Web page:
God’s Eyes on Me – Matthew 6:1-4 – Pastor Josh
The kind of charity Jesus calls us to, especially when giving to the poor, is giving done only for God's eyes and His alone. No witnesses, not even the slightest self-seeking glory, but service to people in need for God alone.
This actually brings us to our take home truth, man rewards the public showoff, but God rewards the humble giver.
So, in seeking to answer the sermon series question, “What does Jesus say about homelessness?” the main question we see answered from our passage today is, “How does Jesus call us to love and serve the poor?”
1. Jesus calls us to slow down and check our heart. (v.1) Before we ever seek to give to someone in need, before we ever try and lend a hand or provide a meal or anything, Jesus wants us to evaluate why we are seeking to do those good things in the first place. He wants us to go into these things with God honoring motives.
In this section of the Sermon on the Mount, Jesus calls the crowd that He's preaching for to consider 3 basic yet fundamental applications of their faith in their day. Firstly, almsgiving. Secondly, prayer. Then thirdly, fasting. Almsgiving, prayer, and fasting, these were essential to the devout Jewish life where you could not call yourself a faithful Jew unless you were living out those three things to some extent. So, knowing this, Jesus is seeking to hit home on what many people weren’t quite fully grasping.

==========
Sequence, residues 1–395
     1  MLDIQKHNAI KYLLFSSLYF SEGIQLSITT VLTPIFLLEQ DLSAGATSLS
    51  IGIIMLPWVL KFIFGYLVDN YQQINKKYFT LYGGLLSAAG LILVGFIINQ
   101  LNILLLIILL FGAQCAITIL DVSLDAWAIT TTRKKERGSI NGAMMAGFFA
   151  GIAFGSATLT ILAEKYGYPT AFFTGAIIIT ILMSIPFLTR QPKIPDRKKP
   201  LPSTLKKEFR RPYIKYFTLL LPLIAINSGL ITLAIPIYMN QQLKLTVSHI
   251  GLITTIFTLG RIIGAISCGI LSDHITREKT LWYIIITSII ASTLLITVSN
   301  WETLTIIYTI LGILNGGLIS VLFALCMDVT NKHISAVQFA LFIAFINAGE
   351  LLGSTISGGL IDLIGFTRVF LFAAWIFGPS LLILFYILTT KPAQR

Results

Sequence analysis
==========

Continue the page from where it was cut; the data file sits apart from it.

In many Bible translations, verse 1 acts as sort of a header or overall directive relating to the following sections on almsgiving, prayer and fasting. Being careful not to practice your righteousness in front of others doesn't only apply to our section here on giving to needy people but also when we pray and when we fast. None of these things we are to do with self-seeking glorification.